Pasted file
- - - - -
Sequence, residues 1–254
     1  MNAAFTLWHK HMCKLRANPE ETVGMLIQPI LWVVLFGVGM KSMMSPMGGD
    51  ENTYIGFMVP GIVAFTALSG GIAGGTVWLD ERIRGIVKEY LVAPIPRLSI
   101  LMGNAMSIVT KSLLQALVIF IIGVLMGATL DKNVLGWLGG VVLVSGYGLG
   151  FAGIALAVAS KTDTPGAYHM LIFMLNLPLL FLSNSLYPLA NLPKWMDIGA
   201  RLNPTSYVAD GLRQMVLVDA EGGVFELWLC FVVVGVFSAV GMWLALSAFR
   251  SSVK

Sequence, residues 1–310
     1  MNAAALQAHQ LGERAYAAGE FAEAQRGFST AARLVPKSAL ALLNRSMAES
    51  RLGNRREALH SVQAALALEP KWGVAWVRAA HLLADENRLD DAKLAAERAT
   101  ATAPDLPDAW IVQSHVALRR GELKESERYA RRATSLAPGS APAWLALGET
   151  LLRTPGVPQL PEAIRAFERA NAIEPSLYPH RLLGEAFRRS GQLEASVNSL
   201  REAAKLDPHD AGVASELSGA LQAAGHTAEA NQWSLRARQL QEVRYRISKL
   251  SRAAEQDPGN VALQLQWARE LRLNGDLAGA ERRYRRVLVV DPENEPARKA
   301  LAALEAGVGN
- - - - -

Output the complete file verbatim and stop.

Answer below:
Sequence, residues 1–254
     1  MNAAFTLWHK HMCKLRANPE ETVGMLIQPI LWVVLFGVGM KSMMSPMGGD
    51  ENTYIGFMVP GIVAFTALSG GIAGGTVWLD ERIRGIVKEY LVAPIPRLSI
   101  LMGNAMSIVT KSLLQALVIF IIGVLMGATL DKNVLGWLGG VVLVSGYGLG
   151  FAGIALAVAS KTDTPGAYHM LIFMLNLPLL FLSNSLYPLA NLPKWMDIGA
   201  RLNPTSYVAD GLRQMVLVDA EGGVFELWLC FVVVGVFSAV GMWLALSAFR
   251  SSVK

Sequence, residues 1–310
     1  MNAAALQAHQ LGERAYAAGE FAEAQRGFST AARLVPKSAL ALLNRSMAES
    51  RLGNRREALH SVQAALALEP KWGVAWVRAA HLLADENRLD DAKLAAERAT
   101  ATAPDLPDAW IVQSHVALRR GELKESERYA RRATSLAPGS APAWLALGET
   151  LLRTPGVPQL PEAIRAFERA NAIEPSLYPH RLLGEAFRRS GQLEASVNSL
   201  REAAKLDPHD AGVASELSGA LQAAGHTAEA NQWSLRARQL QEVRYRISKL
   251  SRAAEQDPGN VALQLQWARE LRLNGDLAGA ERRYRRVLVV DPENEPARKA
   301  LAALEAGVGN